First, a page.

Chemical Elements, plutonium to samarium,
Chart 6 of 8

plutonium | polonium | potassium | praseodymium | promethium | protactinium | radium | radon | rhenium | rhodium | roentgenium | rubidium | ruthenium | rutherfordium | samarium

This is the sixth of eight groups of chem elements available in this cross-reference searches.

The Chemical Elements Chart is here.

The Chemical-Elements Table Index is here.

Symbol: Pu
Atomic number: 94
Year discovered: 1940
Discovered by: Glenn Theodore Seaborg (1912-1999), American physicist and co-workers; Arthur Charles Wahl and Joseph W. Kennedy, Edwin Mc Millan

Additional information:
  • Plutonium was synthesized by Seaborg, McMillan, Kennedy, and Wahl in 1940 by deuteron bombardment of uranium in a cyclotron (a device used to accelerate atomic particles) at Berkeley, California, USA.
  • Plutonium was the second transuranium element of the actinide series to be discovered.
  • In 1808, plutonium was suggested as a name for element 56 but Sir Humphrey Davy’s original name of barium for element 56 still stands.
  • Plutonium occurs in nature in very small concentrations in uranium-bearing ores.
  • Such plutonium was first detected, in Canadian pitchblende, by Seaborg and Morris L. Perlman in 1942.
  • The main use of plutonium is in the production of nuclear (atomic) energy.
  • It is a chemical element that is important in nuclear engineering and in the history of atomic weapons.
Name in other languages:
French: plutonium
German: Plutonium
Italian: plutonio
Spanish: plutonio

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Symbol: Po
Atomic number: 84
Year discovered: 1898
Discovered by: Marie Sklodowska Curie (1867-1934), Polish-born French chemist; and Pierre Curie (1859-1906), French chemist in Paris.

Additional information:
  • Marie Curie discovered that although pure uranium compounds were always radioactive only to the extent that uranium was present, some uranium ores produced far more radioactivity than could be accounted for by the uranium present.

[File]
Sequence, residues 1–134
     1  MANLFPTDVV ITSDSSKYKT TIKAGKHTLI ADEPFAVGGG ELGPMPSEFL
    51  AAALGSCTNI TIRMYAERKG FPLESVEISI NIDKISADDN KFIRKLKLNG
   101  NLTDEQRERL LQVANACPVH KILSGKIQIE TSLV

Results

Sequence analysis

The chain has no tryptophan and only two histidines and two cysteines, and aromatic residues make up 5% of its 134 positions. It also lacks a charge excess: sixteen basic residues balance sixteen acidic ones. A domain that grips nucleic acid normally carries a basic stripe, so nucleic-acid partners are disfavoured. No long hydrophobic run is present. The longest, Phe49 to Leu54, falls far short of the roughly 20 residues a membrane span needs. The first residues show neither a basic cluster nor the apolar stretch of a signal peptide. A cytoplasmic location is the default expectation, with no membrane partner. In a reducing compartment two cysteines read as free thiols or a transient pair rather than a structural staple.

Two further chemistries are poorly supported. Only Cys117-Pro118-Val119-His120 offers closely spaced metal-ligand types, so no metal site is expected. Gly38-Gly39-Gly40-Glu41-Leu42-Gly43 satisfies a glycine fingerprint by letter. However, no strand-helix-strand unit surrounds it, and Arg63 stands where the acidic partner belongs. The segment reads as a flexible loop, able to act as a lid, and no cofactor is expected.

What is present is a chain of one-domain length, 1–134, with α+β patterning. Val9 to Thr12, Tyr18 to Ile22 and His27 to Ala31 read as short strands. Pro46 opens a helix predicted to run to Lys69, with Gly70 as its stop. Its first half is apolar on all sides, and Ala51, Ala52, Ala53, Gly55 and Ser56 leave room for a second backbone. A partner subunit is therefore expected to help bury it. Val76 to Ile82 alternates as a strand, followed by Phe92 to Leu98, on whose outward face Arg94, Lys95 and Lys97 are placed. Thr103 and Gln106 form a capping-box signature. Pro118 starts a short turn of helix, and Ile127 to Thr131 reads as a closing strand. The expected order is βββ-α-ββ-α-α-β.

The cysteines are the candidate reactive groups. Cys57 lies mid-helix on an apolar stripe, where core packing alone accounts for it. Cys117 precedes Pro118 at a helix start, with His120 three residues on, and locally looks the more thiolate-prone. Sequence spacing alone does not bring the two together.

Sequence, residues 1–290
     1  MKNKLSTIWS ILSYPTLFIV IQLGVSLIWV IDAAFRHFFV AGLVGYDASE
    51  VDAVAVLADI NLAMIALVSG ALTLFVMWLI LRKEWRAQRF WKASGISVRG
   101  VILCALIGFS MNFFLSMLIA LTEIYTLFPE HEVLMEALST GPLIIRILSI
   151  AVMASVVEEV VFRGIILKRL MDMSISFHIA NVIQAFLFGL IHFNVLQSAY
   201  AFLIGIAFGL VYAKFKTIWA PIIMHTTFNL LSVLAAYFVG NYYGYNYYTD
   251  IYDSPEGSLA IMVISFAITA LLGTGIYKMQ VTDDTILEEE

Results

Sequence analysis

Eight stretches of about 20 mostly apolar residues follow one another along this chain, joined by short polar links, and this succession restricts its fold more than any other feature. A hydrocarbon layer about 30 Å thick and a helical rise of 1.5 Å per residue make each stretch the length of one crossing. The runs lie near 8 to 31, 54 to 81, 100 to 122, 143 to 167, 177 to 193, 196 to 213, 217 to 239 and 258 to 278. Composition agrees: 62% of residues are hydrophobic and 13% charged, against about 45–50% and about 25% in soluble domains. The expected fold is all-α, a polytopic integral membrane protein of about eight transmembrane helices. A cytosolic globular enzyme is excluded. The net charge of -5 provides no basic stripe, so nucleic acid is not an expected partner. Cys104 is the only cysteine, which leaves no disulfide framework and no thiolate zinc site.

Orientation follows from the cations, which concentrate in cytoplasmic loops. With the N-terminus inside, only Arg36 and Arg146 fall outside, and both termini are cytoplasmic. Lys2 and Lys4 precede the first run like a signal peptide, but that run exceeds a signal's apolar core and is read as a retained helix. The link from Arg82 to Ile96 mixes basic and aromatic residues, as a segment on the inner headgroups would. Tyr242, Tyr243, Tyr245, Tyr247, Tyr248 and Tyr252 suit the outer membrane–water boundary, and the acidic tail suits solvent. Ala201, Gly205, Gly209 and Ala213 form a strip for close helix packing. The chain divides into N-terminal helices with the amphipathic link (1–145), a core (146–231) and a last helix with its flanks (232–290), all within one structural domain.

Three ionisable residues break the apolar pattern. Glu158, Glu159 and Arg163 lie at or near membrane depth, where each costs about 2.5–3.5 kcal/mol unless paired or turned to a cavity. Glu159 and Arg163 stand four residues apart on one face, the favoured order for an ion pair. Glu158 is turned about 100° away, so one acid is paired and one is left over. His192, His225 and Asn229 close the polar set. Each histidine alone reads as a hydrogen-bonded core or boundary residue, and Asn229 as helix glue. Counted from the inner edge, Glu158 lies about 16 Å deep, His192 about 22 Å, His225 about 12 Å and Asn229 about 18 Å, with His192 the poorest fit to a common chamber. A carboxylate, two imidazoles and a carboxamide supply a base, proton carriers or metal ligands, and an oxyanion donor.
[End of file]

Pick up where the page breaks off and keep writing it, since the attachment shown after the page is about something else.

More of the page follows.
• It seemed to her that the ores must contain other elements (in small quantities or they would have been discovered earlier) that were much more intensely radioactive than uranium.
  • In July, 1898, the Curies detected such an element, which they called “polonium” in honor of Marie Curie’s native land.
  • It required several tons of pitchblende to produce very small amounts of polonium.
  • Polonium is used in nuclear physics as a source of alpha radiation that is practically exempt from penetrating rays.
  • Irène Curie (1900-1956) and her husband Frédéric Joliet-Curie (1900-1958), discovered artificial radioactivity in1934 by bombarding aluminum, boron, and magnesium with alpha rays of Po.
  • While working as her mother’s assistant, Irène met Frédéric Joliet, another assistant and they were married in 1926.
  • Since Marie and Pierre Curie had no sons and since Joliot did not wish that eminent name of Curie to die out, he changed his name to Joliot-Curie.
  • When ill health forced her mother to retire, Irène succeeded to her post of professor at the Sorbonne in Paris.
  • Marie had taken over the post when Pierre was killed, the first woman ever to hold such a position at the Sorbonne.
  • Irène and Frédéric worked together (just as her parents had done) on further researches into radioactivity.
  • Both died in Paris, Irène on March 17, 1956, at the age of 52 (of leukemia, like her mother, probably induced by overexposure to energetic radiation) and Frédéric on August 14, 1958, at the age of 58.
  • Mixtures of polonium with beryllium and other light elements are used as sources of neutrons.